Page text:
“Yes, I am, Sgt. Major,” I replied with an accidental air of confidence that made the confidence that much more palpable to anyone nearby, including myself.

He took out his cigar and erupt into a brief but joyous laugh and exclaimed, “Holy shit, H’uah! That’s what I’m talkin’ ‘bout!” He chuckled and looked me in the eye and deliberately moved his right hand towards his pocket as he said,, “Hey, there, H’uah! You want a cigar?”

He imed his words with his actions like an experienced magician directing people to where he wanted them to look. He said, “I got one right here…” as he fished around his pocket. He found one and tried to yank it out but it must have been a big one and was stuck.

He yanked hard a few times and said, “Holy shit, H’uah! That ain’t a cigar, it’s my dick! My big, fat, black dick!” He withdrew his hand then and said, “Ha! Just fuckin’ with ya, H’uah.”

He looked at my name tag, the only patch I had other than US Army and my E2 stripes, and said, “All right, Private Parts. Ha! Just fuckin’ with ya, Partin. Hey, there, H’uah: if RoboTop don’t get you squared away by Monday, you come see me, y’ hear?”

RoboTop was our new Top Sergeant, a nickname for First Sergeant, the top seargeant, and RoboTop was probably the largest, fiercest, and most taciturn human I had ever seen, even after having grown up watching 1980’s pro wrestling on TV. His nickname came from the 80’s eponymous film, Robocop, about an honorable officer turned into an almost invinible cyborg who moved with the same strong precision as RoboTop. I’d soon learn that even he looked up to The Sergeant Major and trusted his judgement, and would prioritize whatever was necessary to square away whatever SGM Hoggard felt was important; as Yoda had said, “Size matters not.”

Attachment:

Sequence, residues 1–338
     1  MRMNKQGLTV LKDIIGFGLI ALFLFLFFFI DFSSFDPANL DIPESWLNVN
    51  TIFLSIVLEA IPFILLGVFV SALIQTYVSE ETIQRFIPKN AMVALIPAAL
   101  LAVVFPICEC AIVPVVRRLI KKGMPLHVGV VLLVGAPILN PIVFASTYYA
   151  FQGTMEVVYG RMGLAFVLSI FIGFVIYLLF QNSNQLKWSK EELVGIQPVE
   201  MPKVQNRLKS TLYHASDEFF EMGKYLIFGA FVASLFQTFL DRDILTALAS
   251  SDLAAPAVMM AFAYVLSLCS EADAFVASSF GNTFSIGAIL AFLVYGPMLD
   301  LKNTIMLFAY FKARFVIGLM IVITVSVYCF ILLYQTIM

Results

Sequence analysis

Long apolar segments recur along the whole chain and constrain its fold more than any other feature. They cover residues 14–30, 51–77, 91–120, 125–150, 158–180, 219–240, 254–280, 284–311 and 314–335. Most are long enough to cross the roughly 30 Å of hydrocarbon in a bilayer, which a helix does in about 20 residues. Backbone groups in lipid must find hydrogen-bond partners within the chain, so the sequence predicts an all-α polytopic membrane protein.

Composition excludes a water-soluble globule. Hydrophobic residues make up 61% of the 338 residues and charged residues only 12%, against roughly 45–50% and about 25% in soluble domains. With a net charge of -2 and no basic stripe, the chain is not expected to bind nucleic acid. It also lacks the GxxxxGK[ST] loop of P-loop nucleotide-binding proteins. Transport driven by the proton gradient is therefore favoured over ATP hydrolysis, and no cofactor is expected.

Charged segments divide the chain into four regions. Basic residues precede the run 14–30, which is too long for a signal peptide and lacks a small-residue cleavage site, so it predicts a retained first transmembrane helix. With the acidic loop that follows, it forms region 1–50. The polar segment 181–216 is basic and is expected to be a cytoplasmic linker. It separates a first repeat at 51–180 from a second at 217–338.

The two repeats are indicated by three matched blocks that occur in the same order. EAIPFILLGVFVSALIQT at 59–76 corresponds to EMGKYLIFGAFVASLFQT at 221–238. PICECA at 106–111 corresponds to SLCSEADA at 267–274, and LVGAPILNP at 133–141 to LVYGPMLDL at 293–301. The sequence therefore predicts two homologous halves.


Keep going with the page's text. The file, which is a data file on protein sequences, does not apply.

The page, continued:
I cocked my head almost unnoticably and looked down at The Seargent Maor and, though I only say this in hindsight, saw RoboTop looking squarely at the Seargent Major. I said what he would have said.

“Yes, Sgt. Major.”

Hoggard’s lips navigated the cigar stub around his mouth like a magician manuevering a Sharpie around his fingers and looked me up and down again and asked me a few questions about what had happened at Khamisiyah and the villages after. He would have read all the reports from Khamisiyah and seen my name and probably made the connections, but the two months after that were undocumented and only known by word of mouth, and by then I was a nicknamed passed three to five kilometers at a time along antiquated radio systems: Dolly, Feet, Secret Agent (because of my Cajun accent across the radio network and a popular James Bond spy film set in Louisiana where the local sherif kept repeating, in doubt of what he had just learned, “See-cr’et A’gent?”), and, finally, “that mother fucker who just beat Parker at Stretch.” Hobo and I chatted a bit as two fellow combat vets, then we parted ways with an obligatory return to attention before I was dismissed to carry on with whatever the fuck I was doin’.

Back in the barracks, I laid out my letters and packages. There was still nothing from Wendy, but I opened the first package from my dad. It was a box of anti-war newspaper clippings and an the frist letter he had written me in almost a year, since my high school graduation. It was a hand-written note telling me how disappointed in me he was that I had gone to war to burn babies and kill villages.He had always swapped words, calling me Justin instead of Jason and confusing Bobby Kennedy with Johnny Kennedy and things like that. I was used to it. Another package was from The Abrams and Mrs. Abrams’s 5th grade class who had written me weekly with updates on what they were learning and reading about the war, and occassionally sending a few snack bars or a book they thought I’d enjoy. I had a letter Cristi with blank paper and a SASE so I could write back – her addressed changed frequently – and a photo from Leah of her and a few of her fellow dancers at The Gold Club who had, by the grace of God, adopted me like Mrs. Abrams’s 5th grade class and ocassionally sent photos they thought I and AT4 would enjoy; they were all right.